Wounded de Kalb
    
     Cornwallis ordered his own surgeons to try and save de Kalb. Here is de Kalb’s response, “I thank you sir for your generous sympathy, but I die the death I always prayed for; the death of a soldier fighting for the rights of man.”
     When the general died three days later, Cornwallis found out he was a Mason, same as himself. He had him buried with full military and Masonic honors.
     Years later, on a tour of South Carolina, President George Washington visited the grave of DeKalb and is reported to have said the following, “So there lies the brave de Kalb; the generous stranger who came from a distant land to fight our battles and to water with his blood the tree of our liberty. Would to God he had lived to share with us its fruits.”

Susan F. Craft is the author of the SIBA award-winning Revolutionary War novel, The Chamomile. She has written two sequels to The Chamomile entitled Laurel and Cassia, which will be released in 2015 by Lighthouse Publishing of the Carolinas. Susan is represented by Linda S. Glaz, Hartline Literary Agency.

10 comments:

  1. Interesting post, Susan. My great 5x grandfather and his 3 brothers fought in that battle. My grandfather was wounded and walked with a limp until the day he died. It was fun hearing about one of the battles he fought in.

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    1. Thank you Debbie. So nice that you have traced your ancestry. I want to do that one day. One of my uncles did that many years ago, but won't share it. It makes me wonder if he found out something awful. :-)

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  2. In Suburban Philadelphia, we have a DeKalb Pike, named in his honor. He was truly a heroic patriot.

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    1. Thank you, Rebecca. He was an amazing man.

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  3. Susan, Thank you for a very interesting post. I always enjoy reading what you have to share.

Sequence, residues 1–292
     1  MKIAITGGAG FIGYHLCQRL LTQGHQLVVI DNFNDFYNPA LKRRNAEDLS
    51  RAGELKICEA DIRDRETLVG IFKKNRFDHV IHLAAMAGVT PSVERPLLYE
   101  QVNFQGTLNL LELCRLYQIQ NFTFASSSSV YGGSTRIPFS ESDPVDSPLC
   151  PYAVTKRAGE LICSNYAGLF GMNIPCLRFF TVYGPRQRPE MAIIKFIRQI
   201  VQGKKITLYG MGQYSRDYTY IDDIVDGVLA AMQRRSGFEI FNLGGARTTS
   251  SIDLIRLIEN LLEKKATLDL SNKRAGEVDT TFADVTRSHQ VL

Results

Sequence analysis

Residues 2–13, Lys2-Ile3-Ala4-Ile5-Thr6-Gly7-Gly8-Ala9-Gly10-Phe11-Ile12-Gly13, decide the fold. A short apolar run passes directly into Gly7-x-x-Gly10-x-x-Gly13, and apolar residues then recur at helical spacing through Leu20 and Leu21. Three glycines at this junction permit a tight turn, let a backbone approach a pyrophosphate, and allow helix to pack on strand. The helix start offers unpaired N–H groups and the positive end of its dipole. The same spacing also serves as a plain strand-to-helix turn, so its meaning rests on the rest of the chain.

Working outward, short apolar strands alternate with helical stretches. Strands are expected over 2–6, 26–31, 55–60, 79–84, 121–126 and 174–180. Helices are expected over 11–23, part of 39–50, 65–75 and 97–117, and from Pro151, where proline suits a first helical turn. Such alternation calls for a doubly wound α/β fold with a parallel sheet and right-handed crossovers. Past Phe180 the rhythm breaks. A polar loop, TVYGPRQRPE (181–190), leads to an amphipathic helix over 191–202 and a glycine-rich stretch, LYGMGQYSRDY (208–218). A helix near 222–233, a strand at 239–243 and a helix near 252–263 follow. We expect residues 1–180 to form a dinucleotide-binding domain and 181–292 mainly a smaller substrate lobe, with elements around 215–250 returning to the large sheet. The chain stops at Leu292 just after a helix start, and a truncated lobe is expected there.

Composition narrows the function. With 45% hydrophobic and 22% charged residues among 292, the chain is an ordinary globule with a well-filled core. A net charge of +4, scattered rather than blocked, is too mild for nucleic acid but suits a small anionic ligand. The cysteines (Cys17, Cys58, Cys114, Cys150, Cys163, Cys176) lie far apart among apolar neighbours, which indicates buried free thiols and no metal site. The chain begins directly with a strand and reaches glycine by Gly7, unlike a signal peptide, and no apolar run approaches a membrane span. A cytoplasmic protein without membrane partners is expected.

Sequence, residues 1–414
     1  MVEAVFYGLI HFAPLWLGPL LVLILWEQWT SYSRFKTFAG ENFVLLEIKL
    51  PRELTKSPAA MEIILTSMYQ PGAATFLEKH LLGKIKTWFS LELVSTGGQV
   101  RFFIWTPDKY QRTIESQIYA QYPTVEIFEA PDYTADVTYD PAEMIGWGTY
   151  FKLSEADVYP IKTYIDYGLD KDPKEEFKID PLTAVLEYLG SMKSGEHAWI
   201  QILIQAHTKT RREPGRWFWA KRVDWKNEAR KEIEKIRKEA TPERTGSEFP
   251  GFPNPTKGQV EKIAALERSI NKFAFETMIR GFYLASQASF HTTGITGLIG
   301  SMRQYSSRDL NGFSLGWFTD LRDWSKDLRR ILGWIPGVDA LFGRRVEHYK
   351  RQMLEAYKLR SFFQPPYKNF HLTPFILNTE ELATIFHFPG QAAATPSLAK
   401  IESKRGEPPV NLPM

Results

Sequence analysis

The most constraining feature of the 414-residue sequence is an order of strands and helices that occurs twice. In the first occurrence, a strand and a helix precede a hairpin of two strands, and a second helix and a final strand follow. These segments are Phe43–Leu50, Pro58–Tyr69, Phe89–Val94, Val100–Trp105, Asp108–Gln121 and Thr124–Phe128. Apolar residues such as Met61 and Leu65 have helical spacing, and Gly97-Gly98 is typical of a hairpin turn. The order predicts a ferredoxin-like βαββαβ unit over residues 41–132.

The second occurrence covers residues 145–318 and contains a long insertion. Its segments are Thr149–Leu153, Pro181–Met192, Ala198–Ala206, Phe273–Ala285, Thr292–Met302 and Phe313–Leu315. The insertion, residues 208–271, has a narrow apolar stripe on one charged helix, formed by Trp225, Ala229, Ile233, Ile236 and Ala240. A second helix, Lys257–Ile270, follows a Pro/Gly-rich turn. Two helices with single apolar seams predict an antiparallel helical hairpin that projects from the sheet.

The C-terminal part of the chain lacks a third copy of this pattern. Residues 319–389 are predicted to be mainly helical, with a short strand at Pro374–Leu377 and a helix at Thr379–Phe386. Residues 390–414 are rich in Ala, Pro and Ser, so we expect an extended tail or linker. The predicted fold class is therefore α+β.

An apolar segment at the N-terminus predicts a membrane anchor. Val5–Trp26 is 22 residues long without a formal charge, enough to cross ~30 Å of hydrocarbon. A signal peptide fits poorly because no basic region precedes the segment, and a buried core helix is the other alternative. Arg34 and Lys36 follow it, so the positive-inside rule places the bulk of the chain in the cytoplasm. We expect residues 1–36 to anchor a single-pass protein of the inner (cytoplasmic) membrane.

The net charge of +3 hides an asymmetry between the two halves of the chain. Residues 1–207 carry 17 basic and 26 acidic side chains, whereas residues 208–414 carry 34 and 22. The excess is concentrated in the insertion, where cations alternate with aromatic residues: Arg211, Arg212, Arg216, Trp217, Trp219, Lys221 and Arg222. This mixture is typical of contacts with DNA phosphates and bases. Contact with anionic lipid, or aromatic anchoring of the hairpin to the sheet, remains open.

mauback55 at gmail dot com

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    1. Thanks, Melanie. I love sharing the information I run across. It helps remind me that these were real people caught up in and had to respond to something so much bigger than they ever could have imagined.

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  4. Hi Susan - what a great post! I always love it when I learn something new about our country's history. There's so much detail that just isn't covered in school history textbooks.

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    1. It's fascinating for me (I'm an admitted history nerd) to read the small details - helps bring history alive.

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  5. I've read THE CHAMOMILE and really enjoyed the book and the history in it. Thanks for your post. sharon wileygreen1(at)yahoo(dot)com

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    1. Wow, Sharon, you made my day! I've written two sequels to The Chamomile. One that will be released January 12, 2015, entitled Laurel that takes place in 1783 and sweeps across the South Carolina backcountry, involved a grand jury murder trial in Charleston, and a ship wreck on Ocracoke Island. The second, entitled Cassia, if full of adventure, a sea voyage, slave ships, and pirates. It will be released mid-2015.